Organisations have argued that Ranger has little regard for the environment and operates on a least cost basis. There are a number of examples which may support this view. During our inspections the Committee observed the state of the sulphur dump, exposed and decaying bags of chemicals at the water treatment plant, and the trial dry tailings plot unfenced with animal footprints in the tailings. The decision by mine management to import on to the site about one million cubic metres of water in excess of requirements during 1982 suggested a lack of concern about the longer term environmental consequences should rainfall return to normal in the following seasons.

Ranger is developing a water management policy which will include releases of water to the Magela Creek. Such releases, Ranger argues, may be necessary in some years to enable the company to gain access to the mine pit at the end of the wet season. Such releases would not be regular occurrences and may not even occur once in 20 years. The company has emphasised that the releases would be of mildly contaminated water and not tailings dam water as some sections of the media have suggested and could be made only when the Magela was in flood in accordance with water release criteria developed by the Office of the Supervising Scientist.

The Office of the Supervising Scientist holds the view that on technical grounds occasional controlled discharges of water to the Magela could be made in such a way that there would be virtually no damage to the environment, including no harm to people. On balance the Office of the Supervising Scientist believes that water released in the Magela should be accepted as one of the water disposal components of Ranger's water management system. This view is supported by the Northern Territory supervising authorities. On the other hand, the Australian National Parks and Wildlife advises that it is unaware of the environmental impact of direct release, but believes that there are still too many unknowns for assurances to be given that there will be no impact.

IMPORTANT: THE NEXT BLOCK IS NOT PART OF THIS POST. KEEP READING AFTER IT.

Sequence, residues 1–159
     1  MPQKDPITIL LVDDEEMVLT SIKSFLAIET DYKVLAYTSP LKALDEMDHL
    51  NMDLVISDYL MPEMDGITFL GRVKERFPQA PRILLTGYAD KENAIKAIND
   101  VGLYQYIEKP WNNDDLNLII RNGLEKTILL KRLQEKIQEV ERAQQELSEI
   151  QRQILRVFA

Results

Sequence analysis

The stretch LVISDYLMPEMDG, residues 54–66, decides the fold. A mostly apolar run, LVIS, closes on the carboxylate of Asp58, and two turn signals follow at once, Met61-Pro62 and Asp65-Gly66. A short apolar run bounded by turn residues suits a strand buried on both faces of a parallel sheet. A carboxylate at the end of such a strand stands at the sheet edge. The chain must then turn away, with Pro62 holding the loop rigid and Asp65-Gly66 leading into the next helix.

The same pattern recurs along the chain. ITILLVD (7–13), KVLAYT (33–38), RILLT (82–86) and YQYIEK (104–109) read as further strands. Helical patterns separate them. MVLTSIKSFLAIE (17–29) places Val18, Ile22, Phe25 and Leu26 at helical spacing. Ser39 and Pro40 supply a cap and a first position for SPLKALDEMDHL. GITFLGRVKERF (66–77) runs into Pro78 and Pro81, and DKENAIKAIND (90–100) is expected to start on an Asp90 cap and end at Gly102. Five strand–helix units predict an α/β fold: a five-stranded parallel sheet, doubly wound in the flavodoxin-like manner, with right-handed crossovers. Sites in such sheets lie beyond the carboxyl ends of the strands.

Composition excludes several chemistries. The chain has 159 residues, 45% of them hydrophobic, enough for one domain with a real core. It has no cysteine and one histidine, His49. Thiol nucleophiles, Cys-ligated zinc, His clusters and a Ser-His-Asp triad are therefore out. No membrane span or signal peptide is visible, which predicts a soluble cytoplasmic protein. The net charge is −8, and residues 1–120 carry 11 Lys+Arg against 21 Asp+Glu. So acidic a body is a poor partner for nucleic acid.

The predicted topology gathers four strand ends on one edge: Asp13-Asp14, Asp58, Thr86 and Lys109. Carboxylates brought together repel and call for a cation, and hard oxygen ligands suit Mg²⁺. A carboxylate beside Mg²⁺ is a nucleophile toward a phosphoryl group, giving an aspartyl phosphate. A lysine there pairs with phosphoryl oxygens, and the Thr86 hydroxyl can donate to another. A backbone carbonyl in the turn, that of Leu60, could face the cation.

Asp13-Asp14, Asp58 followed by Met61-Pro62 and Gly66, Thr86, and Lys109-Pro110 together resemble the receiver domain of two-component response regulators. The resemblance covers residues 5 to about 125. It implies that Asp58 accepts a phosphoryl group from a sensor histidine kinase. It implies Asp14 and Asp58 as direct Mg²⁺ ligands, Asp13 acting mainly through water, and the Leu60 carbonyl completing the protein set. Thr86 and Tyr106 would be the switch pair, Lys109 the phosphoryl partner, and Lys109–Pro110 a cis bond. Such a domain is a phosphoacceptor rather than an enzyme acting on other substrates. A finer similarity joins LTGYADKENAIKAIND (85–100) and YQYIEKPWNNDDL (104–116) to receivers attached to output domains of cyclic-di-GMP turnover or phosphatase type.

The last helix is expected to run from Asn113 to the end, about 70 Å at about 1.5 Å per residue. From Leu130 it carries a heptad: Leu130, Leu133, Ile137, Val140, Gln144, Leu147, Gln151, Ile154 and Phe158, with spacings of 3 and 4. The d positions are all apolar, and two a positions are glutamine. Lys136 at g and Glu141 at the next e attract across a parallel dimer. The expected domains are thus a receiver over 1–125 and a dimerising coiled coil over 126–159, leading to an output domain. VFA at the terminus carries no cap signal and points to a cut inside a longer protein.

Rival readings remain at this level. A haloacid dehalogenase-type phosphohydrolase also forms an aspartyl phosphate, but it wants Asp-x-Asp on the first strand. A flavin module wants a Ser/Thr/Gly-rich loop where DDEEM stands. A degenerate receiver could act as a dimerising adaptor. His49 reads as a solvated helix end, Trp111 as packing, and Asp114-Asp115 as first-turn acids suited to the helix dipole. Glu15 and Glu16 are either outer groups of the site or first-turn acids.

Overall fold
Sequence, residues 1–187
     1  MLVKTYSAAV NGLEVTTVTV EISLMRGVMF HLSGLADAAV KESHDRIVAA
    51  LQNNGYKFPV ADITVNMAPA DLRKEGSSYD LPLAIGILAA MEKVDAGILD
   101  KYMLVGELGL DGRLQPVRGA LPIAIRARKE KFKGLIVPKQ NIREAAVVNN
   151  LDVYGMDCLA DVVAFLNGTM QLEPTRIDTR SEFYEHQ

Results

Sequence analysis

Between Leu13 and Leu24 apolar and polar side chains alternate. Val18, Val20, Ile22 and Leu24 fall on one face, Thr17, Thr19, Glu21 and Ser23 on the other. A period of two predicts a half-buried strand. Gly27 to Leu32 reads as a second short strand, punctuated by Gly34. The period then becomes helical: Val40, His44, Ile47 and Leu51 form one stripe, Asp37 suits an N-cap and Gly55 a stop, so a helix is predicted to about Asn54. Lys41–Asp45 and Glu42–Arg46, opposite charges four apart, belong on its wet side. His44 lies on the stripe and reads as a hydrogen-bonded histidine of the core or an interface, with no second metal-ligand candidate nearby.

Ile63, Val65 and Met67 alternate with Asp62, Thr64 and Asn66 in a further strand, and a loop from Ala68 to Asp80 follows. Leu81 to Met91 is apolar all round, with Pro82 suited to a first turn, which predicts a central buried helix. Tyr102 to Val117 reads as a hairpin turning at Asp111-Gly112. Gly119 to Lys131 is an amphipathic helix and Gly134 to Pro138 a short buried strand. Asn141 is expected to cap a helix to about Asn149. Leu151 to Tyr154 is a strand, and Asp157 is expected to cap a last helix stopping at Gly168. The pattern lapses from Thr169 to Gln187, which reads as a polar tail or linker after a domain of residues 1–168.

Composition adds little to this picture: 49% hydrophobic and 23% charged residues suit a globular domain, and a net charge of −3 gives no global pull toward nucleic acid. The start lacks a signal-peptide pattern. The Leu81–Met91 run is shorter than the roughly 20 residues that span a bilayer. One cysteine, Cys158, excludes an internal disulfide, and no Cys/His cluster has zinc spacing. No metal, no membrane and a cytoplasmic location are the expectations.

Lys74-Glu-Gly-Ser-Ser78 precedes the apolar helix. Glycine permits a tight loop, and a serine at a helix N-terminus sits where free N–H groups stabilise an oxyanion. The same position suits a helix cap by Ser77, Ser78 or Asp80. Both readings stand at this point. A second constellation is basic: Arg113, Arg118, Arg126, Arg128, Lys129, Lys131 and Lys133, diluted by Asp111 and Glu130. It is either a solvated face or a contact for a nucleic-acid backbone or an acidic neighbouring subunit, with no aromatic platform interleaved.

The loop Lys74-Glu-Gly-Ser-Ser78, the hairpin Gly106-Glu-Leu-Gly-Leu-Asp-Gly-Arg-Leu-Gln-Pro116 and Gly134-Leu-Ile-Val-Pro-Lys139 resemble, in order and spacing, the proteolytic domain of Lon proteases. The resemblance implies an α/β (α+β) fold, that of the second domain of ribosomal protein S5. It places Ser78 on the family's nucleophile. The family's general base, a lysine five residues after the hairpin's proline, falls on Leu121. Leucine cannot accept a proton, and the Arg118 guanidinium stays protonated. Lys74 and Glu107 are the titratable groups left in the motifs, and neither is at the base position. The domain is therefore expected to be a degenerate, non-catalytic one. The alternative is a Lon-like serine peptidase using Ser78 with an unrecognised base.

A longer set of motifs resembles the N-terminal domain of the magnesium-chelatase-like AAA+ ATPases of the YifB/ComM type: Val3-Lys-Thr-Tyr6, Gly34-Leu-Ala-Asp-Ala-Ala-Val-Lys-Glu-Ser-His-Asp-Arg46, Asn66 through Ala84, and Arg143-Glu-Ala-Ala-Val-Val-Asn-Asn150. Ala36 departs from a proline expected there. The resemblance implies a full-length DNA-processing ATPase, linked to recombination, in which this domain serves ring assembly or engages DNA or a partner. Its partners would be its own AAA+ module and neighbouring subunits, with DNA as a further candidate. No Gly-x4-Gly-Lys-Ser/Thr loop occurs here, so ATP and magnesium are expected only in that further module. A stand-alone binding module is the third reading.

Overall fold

The Northern Land Council argues that traditional owners believed that Ranger would operate on a no-release system, and failure to achieve this objective can result only in an unacceptable social impact. The Northern Land Council points to adverse biological reactions within the creek when water, which was less contaminated than that now under consideration, was released last year. The conservation movement supports the NLC's attitude. The Committee notes in its report that, in the development of a water management system, Ranger is required by its mining agreement to take account of the social effects of its operations. This indicates that the views of the traditional owners must be respected in developing this water management system. The Committee considered in great detail the question of release. Some members, including me, are not satisfied that there will be no adverse environmental impact. Neither the Northern Territory officials nor the Office of the Supervising Scientist were able to give 100 per cent assurance.

As stated in the report, Ranger imported huge quantities of water on to the site and then experienced two seasons of unusually high rainfall. Despite these problems, Ranger was able to operate without water release, and the system is now in balance. The Ranger Uranium Environmental Inquiry, commonly known as the Fox inquiry, believed that ideally the water management system should be based on non-release of contaminants and that this system be maintained until it is shown that releases of contaminated water have to be made. It is the Committee's view, irrespective of individual attitudes on the impact of the release of water on the Kakadu wetlands, that it has not been established that the release of water to the Magela needs to be made.

Nothing in the findings of the Committee has led me to change my personal view that it was a disgracefully irresponsible decision of the Liberal-National Party Government to allow mining operations to commence in an area of such great environmental sensitivity as Kakadu. In this respect, it is most commendable that the Minister for Arts, Heritage and Environment (Mr Cohen) introduced into the House yesterday a Bill which will prevent exploration and mining on land proclaimed as the Kakadu National Park and which provides that no compensation is to be payable by the Commonwealth. I congratulate the Minister and the Government on their initiative which is welcomed by conservation organisations around Australia.